Tonight Betty and I did a presentation on trans/GLBT issues for an emerging lefty think-tank. It was formed just after the last presidential election, formed out of frustration, anger, and a sense of outrage – not just at who won, but at how the right had stolen words like “morality” (by which they really mean heteronormativity), “family” (again, only heteronormativite families need apply) and “family values” (when they meant, keep those freaks out of my neighborhood).

A lot of the conversation was just trans 101, which Betty and I rushed into and interrupted each other and circled around and back and forth. (The poor guy keeping notes gave up at some point, I think.) We got some of the basic points across, and of course the group got to meet Betty – not your average tranny, but who is?

One of the pertinent questions asked – and this is a smart group – was Where are the Surveys? Where’s the equivalent of the Kinsey Report on trans stuff? and, in a more tactical sense, How many are you, and how do we count you?

There weren’t any good answers for these good questions. Aside from Lynn Conway’s numbers on the prevalance of transsexualism, which doesn’t include crossdressers or drag kings or any of the rest of the gender-variant community, I don’t have any. How many of us are there? More importantly, how many of us are there who will stand up and be counted? What are our issues? Who will lead us? Who are our allies, and to what other (non-trans) causes can we lend our weight?

These are only some of the questions currently being discussed on the message boards, of which I’m very proud.

Come join the dialogue.

One Reply to “Think-Tank”

  1. The presentation was fantastic in that it helped define trans as distinct from gay, lesbian, bisexual. I found it particularly interesting the distinction between sexual preference and gender preference. The questions about surveys, numbers were coming from a political-power perspective (e.g. where is the voting community here that can shift an election or define a public issue).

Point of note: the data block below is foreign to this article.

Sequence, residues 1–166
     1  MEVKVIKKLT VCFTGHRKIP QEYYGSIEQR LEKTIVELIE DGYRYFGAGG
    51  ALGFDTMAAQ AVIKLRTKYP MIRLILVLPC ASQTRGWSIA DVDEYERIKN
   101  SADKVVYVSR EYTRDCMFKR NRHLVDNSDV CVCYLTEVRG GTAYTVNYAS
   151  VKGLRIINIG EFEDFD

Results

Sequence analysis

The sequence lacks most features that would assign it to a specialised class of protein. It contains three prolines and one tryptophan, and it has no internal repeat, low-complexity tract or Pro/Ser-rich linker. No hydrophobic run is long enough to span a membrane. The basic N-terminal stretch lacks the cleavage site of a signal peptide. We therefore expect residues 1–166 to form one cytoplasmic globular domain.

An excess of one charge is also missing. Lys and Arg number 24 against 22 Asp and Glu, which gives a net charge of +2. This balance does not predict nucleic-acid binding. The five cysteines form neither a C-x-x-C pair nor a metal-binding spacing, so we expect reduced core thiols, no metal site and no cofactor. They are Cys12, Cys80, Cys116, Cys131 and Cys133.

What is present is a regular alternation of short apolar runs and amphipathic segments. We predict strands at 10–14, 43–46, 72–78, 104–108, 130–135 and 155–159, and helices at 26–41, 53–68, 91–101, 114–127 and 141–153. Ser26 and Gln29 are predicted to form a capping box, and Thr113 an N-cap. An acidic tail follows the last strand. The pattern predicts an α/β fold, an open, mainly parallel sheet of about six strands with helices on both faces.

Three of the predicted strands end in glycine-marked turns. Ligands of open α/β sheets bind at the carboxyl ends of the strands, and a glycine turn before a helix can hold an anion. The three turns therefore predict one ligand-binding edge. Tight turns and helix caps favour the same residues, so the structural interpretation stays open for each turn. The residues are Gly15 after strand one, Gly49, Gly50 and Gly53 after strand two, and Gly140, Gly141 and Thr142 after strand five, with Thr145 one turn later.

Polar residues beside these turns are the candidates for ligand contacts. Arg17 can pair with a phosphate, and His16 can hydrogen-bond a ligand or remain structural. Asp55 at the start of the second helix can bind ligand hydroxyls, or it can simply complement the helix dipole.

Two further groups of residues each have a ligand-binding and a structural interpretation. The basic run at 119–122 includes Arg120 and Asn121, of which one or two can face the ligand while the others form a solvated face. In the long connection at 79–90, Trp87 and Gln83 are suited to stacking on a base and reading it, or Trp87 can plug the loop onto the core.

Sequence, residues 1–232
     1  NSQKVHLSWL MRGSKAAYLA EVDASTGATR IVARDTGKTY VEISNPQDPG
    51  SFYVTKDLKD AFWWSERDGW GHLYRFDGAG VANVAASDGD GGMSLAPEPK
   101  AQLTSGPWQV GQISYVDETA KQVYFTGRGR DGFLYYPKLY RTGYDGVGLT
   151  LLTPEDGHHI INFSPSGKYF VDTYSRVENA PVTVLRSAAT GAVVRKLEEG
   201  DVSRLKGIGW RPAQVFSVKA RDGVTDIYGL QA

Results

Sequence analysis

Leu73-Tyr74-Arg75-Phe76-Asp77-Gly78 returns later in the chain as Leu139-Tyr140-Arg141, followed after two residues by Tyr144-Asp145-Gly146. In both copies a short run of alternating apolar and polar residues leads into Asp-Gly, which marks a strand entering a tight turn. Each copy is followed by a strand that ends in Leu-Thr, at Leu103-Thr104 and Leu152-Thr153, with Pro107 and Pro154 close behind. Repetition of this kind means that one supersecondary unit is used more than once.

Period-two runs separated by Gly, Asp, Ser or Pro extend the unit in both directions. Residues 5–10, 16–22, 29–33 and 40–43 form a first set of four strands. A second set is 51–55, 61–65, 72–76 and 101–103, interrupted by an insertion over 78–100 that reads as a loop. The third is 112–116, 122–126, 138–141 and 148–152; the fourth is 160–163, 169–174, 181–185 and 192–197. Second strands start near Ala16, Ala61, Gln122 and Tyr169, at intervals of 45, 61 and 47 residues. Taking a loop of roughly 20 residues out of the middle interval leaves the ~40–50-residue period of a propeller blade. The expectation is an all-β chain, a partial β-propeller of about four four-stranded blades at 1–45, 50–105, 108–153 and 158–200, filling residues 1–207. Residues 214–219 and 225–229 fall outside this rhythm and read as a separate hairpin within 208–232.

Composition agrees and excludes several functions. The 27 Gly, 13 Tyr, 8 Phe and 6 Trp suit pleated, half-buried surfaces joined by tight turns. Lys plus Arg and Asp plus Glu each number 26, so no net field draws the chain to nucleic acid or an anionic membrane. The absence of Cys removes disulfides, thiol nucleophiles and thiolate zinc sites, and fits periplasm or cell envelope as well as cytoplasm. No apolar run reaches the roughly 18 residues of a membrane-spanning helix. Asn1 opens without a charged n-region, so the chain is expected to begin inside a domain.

I am very curious to know whether any of the Kinsey Report questions revolved around gender preference/sexual identity instead of just sexual preference. Asking not just, who do you have sex as/whom do you fantasize about, but who do you have sex as/whom do you fantasize yourself being when having sex.

    I think such an important element of the Kinsey Report was that it aimed to target as wide and blind an audience as possible. I do not think a survey aimed at the trans community would be a good idea because it would be predefining a community that so clearly eludes definition. Rather a much broader, blind survey would probably much more effectively draw out trans data because people would just be recounting their lives, not trying to avoid a categorization.

    The revelation I took away from last night is that the Right’s war is not just on the gay/lesbian community. It is a War Against Sex. There is such a fear of sexual exploration, whether that exploration be with a partner or with one’s own sexual-gender identity.

    A reason a blind survey or some other 21st century Kinsey report could be so powerful is that there are fundamental sexuality questions that are currently being approached, at least as understood by the group last night, through anectode but are not being defined and published in a way that gets in front of everyone and forces them to realize that there are more sexuality combinations than just straight, gay, lesbian, or bi. If anyone is aware of such a survey, I would be curious to know about thee approach, findings, and recognition in the broader academic community and media.

    I understand there are many issues here, and I admit to knowing little about the subject, but my sense is that the awareness engaged in this web site could affect a much larger swath of the public than the Right would ever let themselves consider.

    Thank you for trans 101. It gave me a lot of interesting new perspectives.

    -Guy who was taking notes and stopped taking notes partly because he got confused by all the acronyms and partly because he was really getting into the conversation.

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